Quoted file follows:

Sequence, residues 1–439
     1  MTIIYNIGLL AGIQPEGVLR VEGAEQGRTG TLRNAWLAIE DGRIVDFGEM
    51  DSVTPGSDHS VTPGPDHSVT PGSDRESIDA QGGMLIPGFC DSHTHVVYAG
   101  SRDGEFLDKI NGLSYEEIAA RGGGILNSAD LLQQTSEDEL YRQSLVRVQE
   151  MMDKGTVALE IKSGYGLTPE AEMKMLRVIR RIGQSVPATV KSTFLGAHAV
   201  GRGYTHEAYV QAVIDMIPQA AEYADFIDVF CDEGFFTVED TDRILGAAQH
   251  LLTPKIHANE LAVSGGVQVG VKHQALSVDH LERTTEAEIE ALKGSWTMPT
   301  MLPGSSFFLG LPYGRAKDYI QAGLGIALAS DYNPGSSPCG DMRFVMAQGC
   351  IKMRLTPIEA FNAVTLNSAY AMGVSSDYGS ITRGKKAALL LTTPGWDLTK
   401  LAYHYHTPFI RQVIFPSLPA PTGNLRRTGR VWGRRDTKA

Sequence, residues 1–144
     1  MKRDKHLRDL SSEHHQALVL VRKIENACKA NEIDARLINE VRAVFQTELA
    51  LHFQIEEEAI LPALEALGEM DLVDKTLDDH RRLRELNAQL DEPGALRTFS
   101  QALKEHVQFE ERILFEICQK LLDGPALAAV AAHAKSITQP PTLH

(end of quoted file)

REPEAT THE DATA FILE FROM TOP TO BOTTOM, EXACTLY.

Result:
Sequence, residues 1–439
     1  MTIIYNIGLL AGIQPEGVLR VEGAEQGRTG TLRNAWLAIE DGRIVDFGEM
    51  DSVTPGSDHS VTPGPDHSVT PGSDRESIDA QGGMLIPGFC DSHTHVVYAG
   101  SRDGEFLDKI NGLSYEEIAA RGGGILNSAD LLQQTSEDEL YRQSLVRVQE
   151  MMDKGTVALE IKSGYGLTPE AEMKMLRVIR RIGQSVPATV KSTFLGAHAV
   201  GRGYTHEAYV QAVIDMIPQA AEYADFIDVF CDEGFFTVED TDRILGAAQH
   251  LLTPKIHANE LAVSGGVQVG VKHQALSVDH LERTTEAEIE ALKGSWTMPT
   301  MLPGSSFFLG LPYGRAKDYI QAGLGIALAS DYNPGSSPCG DMRFVMAQGC
   351  IKMRLTPIEA FNAVTLNSAY AMGVSSDYGS ITRGKKAALL LTTPGWDLTK
   401  LAYHYHTPFI RQVIFPSLPA PTGNLRRTGR VWGRRDTKA

Sequence, residues 1–144
     1  MKRDKHLRDL SSEHHQALVL VRKIENACKA NEIDARLINE VRAVFQTELA
    51  LHFQIEEEAI LPALEALGEM DLVDKTLDDH RRLRELNAQL DEPGALRTFS
   101  QALKEHVQFE ERILFEICQK LLDGPALAAV AAHAKSITQP PTLH